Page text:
Running games are a dime a dozen in the App Store—and for good reason. They’re fun, incredibly addicting, and basically created for touch devices. Most of these games only require one or two buttons, and the quick-pace means even if you die a dozen times, you’ll be back for more as soon as the game loads.
Canabalt is the king of these games. It has everything: cutesy pixel graphics, excellent music, a blisteringly fast pace, and a subtext that’s only revealed if you find the time to lift your eyes from your tiny hero. In the background huge aliens have invaded earth. It’s a beautiful, simple touch and it adds a plot to a game that definitely doesn’t need one.
Line Runner is the hardest game I’ve ever played on i0S. It seems content to present itself as a game that’s cute and accessible, only to break your soul mere moments after starting. The background of Line Runner is the now familiar graph paper (made popular by games like Doodle Jump) and the clunky graphics imply the game is unchallenging.
Even Line Runner’s gameplay sounds easy: an invisible button on the left makes you roll, an invisible button on the right makes you jump. Small squares come flying toward you and you either have to jump over them or roll under them. So why’s it so hard?
Probably because the game moves at a million miles an hour. If you want to rack up a respectable score, you’ll have to blur your vision so you can see the entire screen. The app developer calls this feature “Increasing difficulty from easy to bone breaking.” We call shenanigans. This game is bone breaking from the start.
Plenty of popular iOS apps started their lives as Flash games, in fact Canabalt and Robot Unicorn Attack first got their legs through Flash. We loved RUA on our computers but now that it’s dashed onto our iOS devices, we can’t put it down. Unlike the majority of running games, Robot Unicorn Attack doesn’t utilize a one-and-done gameplay, instead it gives you three lives, which are added together at the end. That makes the game all that more appealing—a poor run doesn’t mean you can’t still get a high score. The controls are perfectly suited for iPhones and iPod touches and the vibrant colors and Erasure music works in perfect harmony. Even blown up on the iPad version the little unicorn looks dashing.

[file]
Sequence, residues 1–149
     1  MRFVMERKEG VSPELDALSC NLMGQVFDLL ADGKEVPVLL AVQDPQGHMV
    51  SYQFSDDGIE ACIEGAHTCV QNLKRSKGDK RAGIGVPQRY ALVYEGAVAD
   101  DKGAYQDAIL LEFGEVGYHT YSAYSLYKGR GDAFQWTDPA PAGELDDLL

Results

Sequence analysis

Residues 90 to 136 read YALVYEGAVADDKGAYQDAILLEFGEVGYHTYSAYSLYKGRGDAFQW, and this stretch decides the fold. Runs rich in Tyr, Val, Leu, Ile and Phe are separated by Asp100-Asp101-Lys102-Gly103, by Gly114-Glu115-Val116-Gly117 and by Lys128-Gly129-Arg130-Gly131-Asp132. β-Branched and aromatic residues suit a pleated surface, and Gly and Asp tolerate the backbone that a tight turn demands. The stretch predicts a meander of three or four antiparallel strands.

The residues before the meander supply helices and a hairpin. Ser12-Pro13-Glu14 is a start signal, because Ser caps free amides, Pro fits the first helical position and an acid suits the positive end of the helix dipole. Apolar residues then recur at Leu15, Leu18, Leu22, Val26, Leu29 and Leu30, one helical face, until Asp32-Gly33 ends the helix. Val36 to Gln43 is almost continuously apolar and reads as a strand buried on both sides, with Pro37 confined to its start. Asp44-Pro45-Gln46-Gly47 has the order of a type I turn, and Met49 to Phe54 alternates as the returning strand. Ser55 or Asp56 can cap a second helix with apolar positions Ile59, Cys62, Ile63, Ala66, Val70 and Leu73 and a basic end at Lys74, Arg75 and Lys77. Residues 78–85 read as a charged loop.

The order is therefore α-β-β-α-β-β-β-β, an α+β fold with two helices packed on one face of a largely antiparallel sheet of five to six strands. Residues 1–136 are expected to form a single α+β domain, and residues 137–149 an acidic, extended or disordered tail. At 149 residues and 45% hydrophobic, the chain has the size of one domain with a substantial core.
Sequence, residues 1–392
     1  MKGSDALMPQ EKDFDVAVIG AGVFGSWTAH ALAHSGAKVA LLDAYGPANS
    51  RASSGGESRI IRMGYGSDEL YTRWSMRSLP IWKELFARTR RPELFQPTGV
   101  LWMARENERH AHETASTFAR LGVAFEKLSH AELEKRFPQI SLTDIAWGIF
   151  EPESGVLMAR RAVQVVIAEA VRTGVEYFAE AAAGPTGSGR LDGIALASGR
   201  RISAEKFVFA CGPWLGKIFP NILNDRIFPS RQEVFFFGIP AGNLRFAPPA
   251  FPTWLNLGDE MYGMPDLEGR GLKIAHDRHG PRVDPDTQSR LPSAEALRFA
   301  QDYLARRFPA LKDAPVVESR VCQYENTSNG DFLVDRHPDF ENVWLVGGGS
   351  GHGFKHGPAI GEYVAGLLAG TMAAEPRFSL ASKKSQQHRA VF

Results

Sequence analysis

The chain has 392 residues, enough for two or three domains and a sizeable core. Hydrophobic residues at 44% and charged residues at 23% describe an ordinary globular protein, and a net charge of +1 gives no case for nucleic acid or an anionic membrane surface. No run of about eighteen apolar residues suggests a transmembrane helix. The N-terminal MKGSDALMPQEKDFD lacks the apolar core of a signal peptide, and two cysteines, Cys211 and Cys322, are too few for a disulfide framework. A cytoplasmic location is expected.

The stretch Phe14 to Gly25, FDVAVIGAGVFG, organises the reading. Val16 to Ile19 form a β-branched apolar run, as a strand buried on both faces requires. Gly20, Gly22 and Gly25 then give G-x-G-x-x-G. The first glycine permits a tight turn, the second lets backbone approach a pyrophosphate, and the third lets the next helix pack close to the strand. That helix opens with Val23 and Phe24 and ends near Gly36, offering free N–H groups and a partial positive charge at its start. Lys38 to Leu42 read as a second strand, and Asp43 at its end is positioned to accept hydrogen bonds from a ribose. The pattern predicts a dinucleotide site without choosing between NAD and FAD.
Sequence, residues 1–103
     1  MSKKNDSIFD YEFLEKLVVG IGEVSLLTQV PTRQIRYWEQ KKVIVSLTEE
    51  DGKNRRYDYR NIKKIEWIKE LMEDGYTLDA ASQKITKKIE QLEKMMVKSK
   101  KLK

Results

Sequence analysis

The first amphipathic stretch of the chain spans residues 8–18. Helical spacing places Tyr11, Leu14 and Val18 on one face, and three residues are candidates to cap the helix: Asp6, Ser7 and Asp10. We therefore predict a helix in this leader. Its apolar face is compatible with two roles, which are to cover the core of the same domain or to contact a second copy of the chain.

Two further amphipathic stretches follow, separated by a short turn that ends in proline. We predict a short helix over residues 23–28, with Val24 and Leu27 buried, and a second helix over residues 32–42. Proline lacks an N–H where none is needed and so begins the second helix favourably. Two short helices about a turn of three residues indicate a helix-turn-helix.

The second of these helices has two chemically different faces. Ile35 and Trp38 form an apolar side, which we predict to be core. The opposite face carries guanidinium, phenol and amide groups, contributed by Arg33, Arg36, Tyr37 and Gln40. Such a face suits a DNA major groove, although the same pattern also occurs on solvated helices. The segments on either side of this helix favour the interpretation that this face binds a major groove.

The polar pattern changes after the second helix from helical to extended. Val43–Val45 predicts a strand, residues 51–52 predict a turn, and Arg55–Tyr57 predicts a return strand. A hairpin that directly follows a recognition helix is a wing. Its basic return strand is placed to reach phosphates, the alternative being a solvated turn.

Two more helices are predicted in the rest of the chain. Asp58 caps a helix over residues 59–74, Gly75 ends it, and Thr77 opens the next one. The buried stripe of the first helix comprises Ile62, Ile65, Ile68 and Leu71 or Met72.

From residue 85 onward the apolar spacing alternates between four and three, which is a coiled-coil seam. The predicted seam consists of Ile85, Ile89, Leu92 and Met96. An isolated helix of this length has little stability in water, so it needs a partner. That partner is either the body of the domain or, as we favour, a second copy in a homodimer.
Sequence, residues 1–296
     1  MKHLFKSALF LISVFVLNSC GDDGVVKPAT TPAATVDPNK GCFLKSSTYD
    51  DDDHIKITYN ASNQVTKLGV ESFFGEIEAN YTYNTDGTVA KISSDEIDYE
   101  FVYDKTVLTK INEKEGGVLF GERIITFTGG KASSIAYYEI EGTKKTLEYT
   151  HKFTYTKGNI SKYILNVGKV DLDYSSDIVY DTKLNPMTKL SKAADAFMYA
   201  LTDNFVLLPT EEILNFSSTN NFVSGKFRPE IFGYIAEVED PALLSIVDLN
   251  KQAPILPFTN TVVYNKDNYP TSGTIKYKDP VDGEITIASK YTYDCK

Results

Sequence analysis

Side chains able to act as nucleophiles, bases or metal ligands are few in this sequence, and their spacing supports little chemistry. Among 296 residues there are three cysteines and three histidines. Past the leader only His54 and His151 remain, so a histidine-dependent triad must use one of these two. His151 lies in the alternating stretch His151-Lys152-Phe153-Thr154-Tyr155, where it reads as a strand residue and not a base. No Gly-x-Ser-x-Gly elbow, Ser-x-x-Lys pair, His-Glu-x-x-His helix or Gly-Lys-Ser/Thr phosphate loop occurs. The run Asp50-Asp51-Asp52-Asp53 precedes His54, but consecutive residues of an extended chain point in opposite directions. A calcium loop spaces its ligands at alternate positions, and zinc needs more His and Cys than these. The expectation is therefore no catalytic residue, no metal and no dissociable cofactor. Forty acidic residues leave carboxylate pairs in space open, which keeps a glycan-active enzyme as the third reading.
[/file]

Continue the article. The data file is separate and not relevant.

Gravity Guy is the only running game we’ve ever played that doesn’t give you an option to jump. Instead, you’re given a single button, which inverses gravity. This makes escaping your futuristic space captors possible, but not easy. The levels are all set up in such a way that you’re required to tap the buttons at the perfect time, which will have you bouncing from ceiling to floor, around crates, lasers, and dozens of obstacles. Get caught up too long and the space police (seriously) will apprehend you and you’ll have to restart the level. Gravity Guy has dozens of levels, that all flow into each other admirably. As you complete the story mode, you’ll unlock other modes, like Endless Mode, Online multiplayer, and practice mode.
There are not too many things that are cooler and more nightmare-inducing than a human-sized rat who skateboards from the rooftops of a metropolis city at night. Rat on a Skateboard doesn’t just sell us on its absurd premise though, it’s loaded with more modes than even Gravity Guy, and every single one of them is fun. Whether you’re trying to avoid banana peels that fall from the sky, kickflip over crates, or just trying to survive for the longest possible time, Rat on a Skateboard manages to keep it fresh and fun. If skateboards aren’t really your thing, doughnut games has also made a practically identical version of Rat on a Skateboard in which the little critter is on a Scooter. It’s name? Rat on a Scooter, of course.